G20 vows to boost global growth as summit ends

The G20 Summit in Australia has ended with a pledge by world leaders to boost economic growth and create jobs

The G20 Summit in Australia has ended with a pledge by world leaders to boost economic growth and create jobs

Protesters demand human rights for Australia`s Aboriginal community
Protesters demand human rights for Australia`s Aboriginal community

Leaders of the world’s 20 developed and emerging economies vowed to boost global GDP by over $2 trillion over next five years by investing in infrastructure and increasing trade, aimed at boosting the global recovery amid geopolitical tensions.

In a three-page statement issued at the end of G20 Summit in Brisbane, the world leaders said, ‘raising global growth to deliver better living standards and quality jobs for people across the world is our highest priority’.

The statement said that the global economy is being held back by a shortfall in demand, while addressing supply constraints is key to lifting potential growth.

The G20 leaders agreed to set up a Global Infrastructure Hub with a four-year mandate to contribute to developing a knowledge-sharing platform and network between governments, the private sector, development banks and other international organisations.

They also welcomed the launch of the World Bank Group’s Global Infrastructure Facility, saying: ‘We support similar initiatives by other development banks and continued co-operation amongst them’.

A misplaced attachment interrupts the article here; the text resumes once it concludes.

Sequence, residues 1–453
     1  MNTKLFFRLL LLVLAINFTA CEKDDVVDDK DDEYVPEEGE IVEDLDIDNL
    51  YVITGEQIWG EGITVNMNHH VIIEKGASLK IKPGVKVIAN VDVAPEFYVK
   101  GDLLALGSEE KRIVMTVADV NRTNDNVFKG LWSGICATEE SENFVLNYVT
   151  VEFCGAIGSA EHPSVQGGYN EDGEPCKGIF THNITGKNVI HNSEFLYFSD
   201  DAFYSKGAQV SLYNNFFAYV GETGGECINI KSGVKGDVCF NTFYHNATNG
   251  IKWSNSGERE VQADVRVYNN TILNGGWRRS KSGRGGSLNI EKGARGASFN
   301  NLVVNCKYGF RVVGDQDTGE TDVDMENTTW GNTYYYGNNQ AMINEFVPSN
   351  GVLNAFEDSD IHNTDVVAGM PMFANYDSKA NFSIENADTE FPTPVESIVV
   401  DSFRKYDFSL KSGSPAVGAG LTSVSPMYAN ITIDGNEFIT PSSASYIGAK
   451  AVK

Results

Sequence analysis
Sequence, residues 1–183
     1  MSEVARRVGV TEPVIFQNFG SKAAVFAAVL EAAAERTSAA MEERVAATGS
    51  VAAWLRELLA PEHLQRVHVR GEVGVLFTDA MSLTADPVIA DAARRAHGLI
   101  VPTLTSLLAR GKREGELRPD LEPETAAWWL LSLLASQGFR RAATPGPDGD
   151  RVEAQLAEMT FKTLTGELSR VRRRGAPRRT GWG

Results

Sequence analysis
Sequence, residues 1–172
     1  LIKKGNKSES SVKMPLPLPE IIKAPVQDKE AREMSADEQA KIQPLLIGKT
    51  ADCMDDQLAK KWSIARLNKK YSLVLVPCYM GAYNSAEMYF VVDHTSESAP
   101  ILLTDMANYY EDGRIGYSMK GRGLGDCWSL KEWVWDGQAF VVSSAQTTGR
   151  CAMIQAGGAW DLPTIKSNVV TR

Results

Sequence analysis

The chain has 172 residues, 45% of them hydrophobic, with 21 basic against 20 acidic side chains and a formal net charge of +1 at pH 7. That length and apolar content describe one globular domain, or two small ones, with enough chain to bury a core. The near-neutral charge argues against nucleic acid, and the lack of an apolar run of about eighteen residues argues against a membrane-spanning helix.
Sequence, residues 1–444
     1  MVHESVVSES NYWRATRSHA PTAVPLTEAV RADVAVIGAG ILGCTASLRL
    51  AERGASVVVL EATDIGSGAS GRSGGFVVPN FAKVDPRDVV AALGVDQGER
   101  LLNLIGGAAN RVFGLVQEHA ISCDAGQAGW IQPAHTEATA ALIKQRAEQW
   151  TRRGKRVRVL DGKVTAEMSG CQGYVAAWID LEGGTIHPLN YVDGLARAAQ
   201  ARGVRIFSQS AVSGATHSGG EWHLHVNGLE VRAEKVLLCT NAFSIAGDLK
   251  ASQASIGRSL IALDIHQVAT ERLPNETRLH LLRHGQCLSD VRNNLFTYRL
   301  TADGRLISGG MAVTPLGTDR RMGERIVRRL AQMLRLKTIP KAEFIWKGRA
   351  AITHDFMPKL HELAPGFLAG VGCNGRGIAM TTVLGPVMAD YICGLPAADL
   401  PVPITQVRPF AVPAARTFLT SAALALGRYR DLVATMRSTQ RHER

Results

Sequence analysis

The leaders also promised ‘strong and effective action’ on climate change, an issue Australia had tried to keep off the agenda.

It was included after what EU officials described as ‘trench warfare negotiations’ between the hosts, and the US and European countries.

Some spouses of the world leaders attending the G20 Summit in Australia have visited Brisbane’s Lone Pine Koala Sanctuary, which contains snakes, kangaroos and birds, as well as the iconic little bears.

The G20 leaders have also been ceremonially welcomed to Brisbane and Australia by Traditional Owners through dance and song at the Brisbane Convention and Exhibition Centre. The performance was curated by Australia’s most famous choreographer, Stephen Page, who is also the Artistic Director of Bangarra, Australia’s leading Indigenous performing arts company.

Hundreds of protesters for a variety of causes have taken to the streets of Brisbane, hoping to highlight their cause in front of world leaders. Members of the Aboriginal community as well as environmental and political groups have staged events and rallies in the city.
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